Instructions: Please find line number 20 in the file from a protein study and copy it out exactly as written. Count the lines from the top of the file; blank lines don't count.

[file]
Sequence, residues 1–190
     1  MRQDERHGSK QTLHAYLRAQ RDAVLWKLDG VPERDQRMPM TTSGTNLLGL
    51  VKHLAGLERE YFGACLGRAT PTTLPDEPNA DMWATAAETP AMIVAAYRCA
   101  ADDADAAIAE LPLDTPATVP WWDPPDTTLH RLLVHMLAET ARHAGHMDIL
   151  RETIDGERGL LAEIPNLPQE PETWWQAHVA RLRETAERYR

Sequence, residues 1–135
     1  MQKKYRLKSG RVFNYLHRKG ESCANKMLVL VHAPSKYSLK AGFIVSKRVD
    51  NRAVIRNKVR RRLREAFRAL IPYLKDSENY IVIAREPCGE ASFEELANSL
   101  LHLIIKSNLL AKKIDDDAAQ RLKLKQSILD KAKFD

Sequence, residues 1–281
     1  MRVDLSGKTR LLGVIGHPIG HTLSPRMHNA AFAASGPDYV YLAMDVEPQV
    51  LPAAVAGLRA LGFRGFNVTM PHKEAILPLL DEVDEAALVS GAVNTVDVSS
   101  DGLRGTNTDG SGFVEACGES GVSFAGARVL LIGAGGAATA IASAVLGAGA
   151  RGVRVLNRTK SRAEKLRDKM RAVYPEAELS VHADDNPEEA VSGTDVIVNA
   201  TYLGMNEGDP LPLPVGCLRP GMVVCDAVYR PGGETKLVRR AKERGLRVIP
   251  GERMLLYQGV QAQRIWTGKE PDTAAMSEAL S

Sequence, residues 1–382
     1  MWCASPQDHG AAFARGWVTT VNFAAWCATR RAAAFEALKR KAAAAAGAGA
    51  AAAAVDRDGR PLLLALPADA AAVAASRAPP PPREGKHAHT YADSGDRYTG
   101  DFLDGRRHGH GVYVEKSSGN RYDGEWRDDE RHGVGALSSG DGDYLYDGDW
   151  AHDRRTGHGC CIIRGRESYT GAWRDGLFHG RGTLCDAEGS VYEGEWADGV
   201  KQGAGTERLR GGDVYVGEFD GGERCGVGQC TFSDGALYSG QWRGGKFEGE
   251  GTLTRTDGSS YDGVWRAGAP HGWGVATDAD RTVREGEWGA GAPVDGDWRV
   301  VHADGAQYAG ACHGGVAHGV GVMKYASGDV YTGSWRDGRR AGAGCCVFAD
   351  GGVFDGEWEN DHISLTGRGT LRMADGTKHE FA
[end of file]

   101  DFLDGRRHGH GVYVEKSSGN RYDGEWRDDE RHGVGALSSG DGDYLYDGDW